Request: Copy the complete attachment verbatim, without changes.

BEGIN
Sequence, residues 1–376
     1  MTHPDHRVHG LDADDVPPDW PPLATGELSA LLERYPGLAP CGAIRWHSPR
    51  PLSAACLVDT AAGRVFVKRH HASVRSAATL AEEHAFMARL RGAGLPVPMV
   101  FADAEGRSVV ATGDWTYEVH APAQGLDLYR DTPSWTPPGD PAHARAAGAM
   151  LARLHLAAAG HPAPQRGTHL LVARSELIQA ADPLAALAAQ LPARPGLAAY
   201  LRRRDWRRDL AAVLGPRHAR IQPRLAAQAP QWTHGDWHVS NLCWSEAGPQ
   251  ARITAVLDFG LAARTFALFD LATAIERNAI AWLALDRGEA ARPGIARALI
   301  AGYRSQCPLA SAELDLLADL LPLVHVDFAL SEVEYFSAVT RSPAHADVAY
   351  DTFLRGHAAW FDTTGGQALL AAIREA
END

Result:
Sequence, residues 1–376
     1  MTHPDHRVHG LDADDVPPDW PPLATGELSA LLERYPGLAP CGAIRWHSPR
    51  PLSAACLVDT AAGRVFVKRH HASVRSAATL AEEHAFMARL RGAGLPVPMV
   101  FADAEGRSVV ATGDWTYEVH APAQGLDLYR DTPSWTPPGD PAHARAAGAM
   151  LARLHLAAAG HPAPQRGTHL LVARSELIQA ADPLAALAAQ LPARPGLAAY
   201  LRRRDWRRDL AAVLGPRHAR IQPRLAAQAP QWTHGDWHVS NLCWSEAGPQ
   251  ARITAVLDFG LAARTFALFD LATAIERNAI AWLALDRGEA ARPGIARALI
   301  AGYRSQCPLA SAELDLLADL LPLVHVDFAL SEVEYFSAVT RSPAHADVAY
   351  DTFLRGHAAW FDTTGGQALL AAIREA